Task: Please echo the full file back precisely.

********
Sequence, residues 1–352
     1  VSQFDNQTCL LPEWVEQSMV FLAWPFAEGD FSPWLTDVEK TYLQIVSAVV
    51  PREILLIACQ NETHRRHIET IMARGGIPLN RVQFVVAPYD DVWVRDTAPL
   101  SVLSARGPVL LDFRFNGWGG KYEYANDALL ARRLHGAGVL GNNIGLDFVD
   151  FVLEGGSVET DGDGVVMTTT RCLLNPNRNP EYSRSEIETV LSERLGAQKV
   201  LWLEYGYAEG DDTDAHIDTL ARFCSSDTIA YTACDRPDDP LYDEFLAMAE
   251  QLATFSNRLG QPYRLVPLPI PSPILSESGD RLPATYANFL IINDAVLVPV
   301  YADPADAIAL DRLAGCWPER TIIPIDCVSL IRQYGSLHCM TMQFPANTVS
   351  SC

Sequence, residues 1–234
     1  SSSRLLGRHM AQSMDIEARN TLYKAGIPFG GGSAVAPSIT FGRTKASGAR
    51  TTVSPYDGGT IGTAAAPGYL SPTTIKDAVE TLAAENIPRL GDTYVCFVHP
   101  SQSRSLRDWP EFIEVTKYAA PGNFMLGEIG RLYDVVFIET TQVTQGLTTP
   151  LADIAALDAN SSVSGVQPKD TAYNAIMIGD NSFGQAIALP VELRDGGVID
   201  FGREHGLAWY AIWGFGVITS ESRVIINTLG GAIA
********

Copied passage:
Sequence, residues 1–352
     1  VSQFDNQTCL LPEWVEQSMV FLAWPFAEGD FSPWLTDVEK TYLQIVSAVV
    51  PREILLIACQ NETHRRHIET IMARGGIPLN RVQFVVAPYD DVWVRDTAPL
   101  SVLSARGPVL LDFRFNGWGG KYEYANDALL ARRLHGAGVL GNNIGLDFVD
   151  FVLEGGSVET DGDGVVMTTT RCLLNPNRNP EYSRSEIETV LSERLGAQKV
   201  LWLEYGYAEG DDTDAHIDTL ARFCSSDTIA YTACDRPDDP LYDEFLAMAE
   251  QLATFSNRLG QPYRLVPLPI PSPILSESGD RLPATYANFL IINDAVLVPV
   301  YADPADAIAL DRLAGCWPER TIIPIDCVSL IRQYGSLHCM TMQFPANTVS
   351  SC

Sequence, residues 1–234
     1  SSSRLLGRHM AQSMDIEARN TLYKAGIPFG GGSAVAPSIT FGRTKASGAR
    51  TTVSPYDGGT IGTAAAPGYL SPTTIKDAVE TLAAENIPRL GDTYVCFVHP
   101  SQSRSLRDWP EFIEVTKYAA PGNFMLGEIG RLYDVVFIET TQVTQGLTTP
   151  LADIAALDAN SSVSGVQPKD TAYNAIMIGD NSFGQAIALP VELRDGGVID
   201  FGREHGLAWY AIWGFGVITS ESRVIINTLG GAIA